Thursday has been described as part Bridget Jones, part Nancy Drew, and part Dirty Harry by many reviewers. Well, there's a subplot concerning her failed relationship and how she resolves it. There's the detective part, so I get the Nancy Drew comparison. The Dirty Harry analogy is a bit of a stretch though. Thursday is far too sentimental to pull off that tough detective character. Nevertheless, there's lots to love in Thursday -- her persistence, her wisecracks, her apparent talent to find herself in funny situations. She's something to watch out for.

Still, a lot of readers would have a blast reading about the various literary crimes the SO-27 detectives get involved in. If you're big on Shakespeare, you'd love their debates on the actual authorship of Shakespeare's plays and sonnets. Fforde would also pique your interest on lesser-known literary works. And when you read that the ending of Jane Eyre has somehow been changed by the events, it makes you want to read (reread) the novel just to see if the "new ending" works.

The Eyre Affair is Fforde's Thursday Next novel. Most of my friends say that the series would get better eventually. Frankly, I'd just stick with my Elmore Leonard or, finally, read a Nancy Drew.

Read this book if:
  1. You feel specially connected to a fictional character.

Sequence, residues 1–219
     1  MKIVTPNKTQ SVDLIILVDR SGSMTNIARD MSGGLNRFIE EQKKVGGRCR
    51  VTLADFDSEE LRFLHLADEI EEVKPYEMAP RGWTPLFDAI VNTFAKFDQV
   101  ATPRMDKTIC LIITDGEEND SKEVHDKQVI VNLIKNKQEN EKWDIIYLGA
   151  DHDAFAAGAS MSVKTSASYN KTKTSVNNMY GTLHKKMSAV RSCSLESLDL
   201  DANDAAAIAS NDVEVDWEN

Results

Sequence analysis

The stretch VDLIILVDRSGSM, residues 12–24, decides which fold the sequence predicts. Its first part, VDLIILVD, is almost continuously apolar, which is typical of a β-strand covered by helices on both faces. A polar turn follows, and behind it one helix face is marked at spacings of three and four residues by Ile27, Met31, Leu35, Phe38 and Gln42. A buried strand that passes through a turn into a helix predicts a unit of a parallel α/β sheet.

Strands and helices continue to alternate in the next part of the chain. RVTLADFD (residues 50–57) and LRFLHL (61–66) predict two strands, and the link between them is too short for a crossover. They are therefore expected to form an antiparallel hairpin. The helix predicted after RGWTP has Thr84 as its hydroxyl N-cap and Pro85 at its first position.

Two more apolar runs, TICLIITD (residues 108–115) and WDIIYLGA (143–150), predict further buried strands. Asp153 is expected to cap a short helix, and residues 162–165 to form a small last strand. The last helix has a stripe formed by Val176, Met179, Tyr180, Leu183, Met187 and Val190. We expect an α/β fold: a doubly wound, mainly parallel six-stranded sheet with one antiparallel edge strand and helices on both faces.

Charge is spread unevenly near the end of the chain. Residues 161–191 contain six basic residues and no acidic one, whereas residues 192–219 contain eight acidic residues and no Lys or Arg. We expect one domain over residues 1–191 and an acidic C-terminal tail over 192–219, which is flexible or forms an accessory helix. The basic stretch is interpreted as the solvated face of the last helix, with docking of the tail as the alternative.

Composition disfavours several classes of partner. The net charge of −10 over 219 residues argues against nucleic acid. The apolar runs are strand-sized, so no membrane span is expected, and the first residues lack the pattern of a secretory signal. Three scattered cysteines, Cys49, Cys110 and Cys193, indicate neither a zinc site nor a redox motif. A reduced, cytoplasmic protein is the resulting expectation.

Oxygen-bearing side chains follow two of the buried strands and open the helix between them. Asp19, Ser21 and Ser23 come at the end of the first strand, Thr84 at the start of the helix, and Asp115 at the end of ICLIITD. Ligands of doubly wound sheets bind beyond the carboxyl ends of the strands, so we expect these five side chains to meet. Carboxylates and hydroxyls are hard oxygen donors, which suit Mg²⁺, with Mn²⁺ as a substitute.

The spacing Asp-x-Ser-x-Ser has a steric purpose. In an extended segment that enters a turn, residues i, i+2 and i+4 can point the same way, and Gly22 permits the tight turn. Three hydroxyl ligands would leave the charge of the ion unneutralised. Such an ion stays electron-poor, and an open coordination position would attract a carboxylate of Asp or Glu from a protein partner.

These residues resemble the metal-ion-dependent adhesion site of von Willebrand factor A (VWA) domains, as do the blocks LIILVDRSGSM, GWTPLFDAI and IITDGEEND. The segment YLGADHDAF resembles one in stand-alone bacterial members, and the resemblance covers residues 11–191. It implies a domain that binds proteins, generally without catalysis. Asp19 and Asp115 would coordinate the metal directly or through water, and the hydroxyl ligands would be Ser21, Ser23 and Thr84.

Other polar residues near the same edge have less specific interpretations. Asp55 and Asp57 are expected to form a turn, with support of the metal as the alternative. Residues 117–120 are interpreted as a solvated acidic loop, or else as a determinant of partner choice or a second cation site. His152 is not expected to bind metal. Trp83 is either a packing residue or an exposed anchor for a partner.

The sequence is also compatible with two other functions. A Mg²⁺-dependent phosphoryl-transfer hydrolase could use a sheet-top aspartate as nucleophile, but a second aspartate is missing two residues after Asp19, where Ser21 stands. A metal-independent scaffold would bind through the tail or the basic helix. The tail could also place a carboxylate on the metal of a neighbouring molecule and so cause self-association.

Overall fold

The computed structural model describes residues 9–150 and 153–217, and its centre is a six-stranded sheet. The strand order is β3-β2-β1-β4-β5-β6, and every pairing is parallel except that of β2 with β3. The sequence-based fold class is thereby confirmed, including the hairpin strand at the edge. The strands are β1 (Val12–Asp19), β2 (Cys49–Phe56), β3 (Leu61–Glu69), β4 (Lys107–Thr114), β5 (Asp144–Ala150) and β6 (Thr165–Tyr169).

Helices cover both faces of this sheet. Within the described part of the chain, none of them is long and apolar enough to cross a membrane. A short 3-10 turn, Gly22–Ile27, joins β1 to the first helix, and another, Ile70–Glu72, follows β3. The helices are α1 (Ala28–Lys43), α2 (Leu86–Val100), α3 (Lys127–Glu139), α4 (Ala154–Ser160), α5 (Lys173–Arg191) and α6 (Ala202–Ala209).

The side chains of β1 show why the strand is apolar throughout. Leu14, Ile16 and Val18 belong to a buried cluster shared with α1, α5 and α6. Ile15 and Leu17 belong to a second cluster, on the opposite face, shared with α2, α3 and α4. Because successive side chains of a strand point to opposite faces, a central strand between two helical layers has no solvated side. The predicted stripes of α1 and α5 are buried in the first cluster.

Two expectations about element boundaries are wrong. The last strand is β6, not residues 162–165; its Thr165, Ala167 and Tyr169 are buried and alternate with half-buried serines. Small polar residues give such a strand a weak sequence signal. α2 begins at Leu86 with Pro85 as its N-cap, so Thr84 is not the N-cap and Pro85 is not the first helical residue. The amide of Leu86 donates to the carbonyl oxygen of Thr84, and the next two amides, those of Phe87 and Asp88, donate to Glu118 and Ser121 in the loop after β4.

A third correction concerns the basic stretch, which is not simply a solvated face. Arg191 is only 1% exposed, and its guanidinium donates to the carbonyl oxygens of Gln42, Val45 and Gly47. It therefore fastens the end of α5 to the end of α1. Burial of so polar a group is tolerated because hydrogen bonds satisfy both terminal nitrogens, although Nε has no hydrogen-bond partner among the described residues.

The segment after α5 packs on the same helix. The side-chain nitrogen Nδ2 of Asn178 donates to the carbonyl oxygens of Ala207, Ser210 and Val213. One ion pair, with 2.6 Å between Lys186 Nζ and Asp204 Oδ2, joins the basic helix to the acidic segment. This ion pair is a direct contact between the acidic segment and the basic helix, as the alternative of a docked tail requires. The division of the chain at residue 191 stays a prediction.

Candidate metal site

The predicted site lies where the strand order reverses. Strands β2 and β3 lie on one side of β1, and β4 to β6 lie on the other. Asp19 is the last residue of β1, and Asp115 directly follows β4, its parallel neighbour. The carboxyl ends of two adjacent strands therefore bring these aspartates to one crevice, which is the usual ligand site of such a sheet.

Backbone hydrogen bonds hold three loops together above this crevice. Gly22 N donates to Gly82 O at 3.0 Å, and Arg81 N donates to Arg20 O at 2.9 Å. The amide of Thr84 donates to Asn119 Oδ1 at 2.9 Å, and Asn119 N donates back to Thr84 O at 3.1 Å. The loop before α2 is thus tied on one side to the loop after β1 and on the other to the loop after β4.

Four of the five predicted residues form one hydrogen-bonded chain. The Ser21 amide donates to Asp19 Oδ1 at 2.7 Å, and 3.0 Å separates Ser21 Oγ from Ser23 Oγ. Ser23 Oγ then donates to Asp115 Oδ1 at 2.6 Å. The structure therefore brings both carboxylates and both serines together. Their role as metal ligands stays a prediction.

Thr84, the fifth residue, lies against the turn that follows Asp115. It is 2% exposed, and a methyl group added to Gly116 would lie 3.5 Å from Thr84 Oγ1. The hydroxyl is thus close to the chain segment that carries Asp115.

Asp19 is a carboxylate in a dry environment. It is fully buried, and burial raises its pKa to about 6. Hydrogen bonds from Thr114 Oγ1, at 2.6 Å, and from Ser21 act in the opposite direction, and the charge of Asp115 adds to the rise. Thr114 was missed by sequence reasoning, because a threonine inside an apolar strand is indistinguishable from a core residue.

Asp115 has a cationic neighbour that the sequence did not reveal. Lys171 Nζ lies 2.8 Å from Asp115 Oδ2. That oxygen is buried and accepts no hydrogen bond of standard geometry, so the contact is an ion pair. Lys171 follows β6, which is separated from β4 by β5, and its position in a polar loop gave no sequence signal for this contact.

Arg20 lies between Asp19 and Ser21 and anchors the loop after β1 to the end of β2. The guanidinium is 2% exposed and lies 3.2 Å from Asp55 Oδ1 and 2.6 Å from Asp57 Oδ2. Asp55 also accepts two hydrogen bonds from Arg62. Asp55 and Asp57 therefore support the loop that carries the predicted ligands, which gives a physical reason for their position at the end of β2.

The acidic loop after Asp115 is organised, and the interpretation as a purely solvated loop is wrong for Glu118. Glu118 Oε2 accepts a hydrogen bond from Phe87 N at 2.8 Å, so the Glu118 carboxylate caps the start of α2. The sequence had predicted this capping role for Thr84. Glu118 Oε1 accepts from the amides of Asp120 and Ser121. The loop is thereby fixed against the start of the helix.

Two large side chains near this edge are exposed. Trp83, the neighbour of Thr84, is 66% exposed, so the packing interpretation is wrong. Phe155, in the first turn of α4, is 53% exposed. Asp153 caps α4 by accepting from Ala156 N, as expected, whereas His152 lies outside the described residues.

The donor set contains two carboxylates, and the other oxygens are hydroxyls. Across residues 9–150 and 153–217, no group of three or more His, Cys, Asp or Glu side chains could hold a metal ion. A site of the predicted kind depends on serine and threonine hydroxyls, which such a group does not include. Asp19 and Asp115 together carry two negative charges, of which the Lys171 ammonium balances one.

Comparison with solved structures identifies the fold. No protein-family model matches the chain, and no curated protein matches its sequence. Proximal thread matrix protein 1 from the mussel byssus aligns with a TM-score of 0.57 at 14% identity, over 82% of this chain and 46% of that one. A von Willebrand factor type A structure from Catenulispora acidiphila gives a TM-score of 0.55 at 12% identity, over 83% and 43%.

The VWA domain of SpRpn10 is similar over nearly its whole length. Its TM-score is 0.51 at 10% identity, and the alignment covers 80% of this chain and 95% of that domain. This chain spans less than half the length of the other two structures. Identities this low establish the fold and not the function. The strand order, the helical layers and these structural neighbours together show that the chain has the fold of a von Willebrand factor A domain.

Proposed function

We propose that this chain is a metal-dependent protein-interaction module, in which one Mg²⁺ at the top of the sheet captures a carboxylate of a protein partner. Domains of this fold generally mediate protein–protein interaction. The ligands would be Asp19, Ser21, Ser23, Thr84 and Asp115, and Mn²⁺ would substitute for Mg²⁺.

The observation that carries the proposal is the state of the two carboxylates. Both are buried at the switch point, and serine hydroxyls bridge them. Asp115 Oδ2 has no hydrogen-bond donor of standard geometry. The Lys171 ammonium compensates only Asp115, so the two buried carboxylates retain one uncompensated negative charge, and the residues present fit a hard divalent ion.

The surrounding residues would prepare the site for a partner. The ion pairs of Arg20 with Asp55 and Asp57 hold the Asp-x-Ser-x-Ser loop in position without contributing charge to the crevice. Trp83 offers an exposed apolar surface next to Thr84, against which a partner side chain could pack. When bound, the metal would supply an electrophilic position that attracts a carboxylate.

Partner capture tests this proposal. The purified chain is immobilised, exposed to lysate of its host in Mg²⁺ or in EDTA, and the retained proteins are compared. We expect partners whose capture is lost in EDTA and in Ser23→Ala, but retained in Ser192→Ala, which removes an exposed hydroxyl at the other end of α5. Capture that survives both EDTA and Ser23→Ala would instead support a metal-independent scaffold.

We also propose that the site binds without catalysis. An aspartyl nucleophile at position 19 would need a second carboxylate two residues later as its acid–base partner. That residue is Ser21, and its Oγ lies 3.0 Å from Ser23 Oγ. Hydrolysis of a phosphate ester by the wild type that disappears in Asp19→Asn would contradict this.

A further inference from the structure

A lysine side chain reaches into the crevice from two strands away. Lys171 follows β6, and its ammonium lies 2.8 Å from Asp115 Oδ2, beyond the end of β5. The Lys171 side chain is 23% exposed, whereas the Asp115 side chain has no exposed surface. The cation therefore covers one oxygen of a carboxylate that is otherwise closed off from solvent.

2. You're fond of strong heroines in novels.
  3. You love alternate histories.

29 comments:

Bookalicious Ramblings said...

Oh yes, I hate it too when a book lets me down. I actually tried reading this book a while ago, but I couldn't really get into it, even though I fit all your 3 criteria for reading the book. I keep saying to myself that I just wasn't in the mood for it and that I'll love it the second time around. Fingers crosed because I really want to. :)

stacybuckeye said...

I've been wanting to read this series, but haven't yet. I feel like I should give it a shot even though I fear my reaction could be similar to yours.

Peter S. said...

@Bookalicious Ramblings: Well, maybe the second reading would be better for you.

@stacybuckeye: I'm sure you'll find something in this book that you'll love.

Mrs. B. said...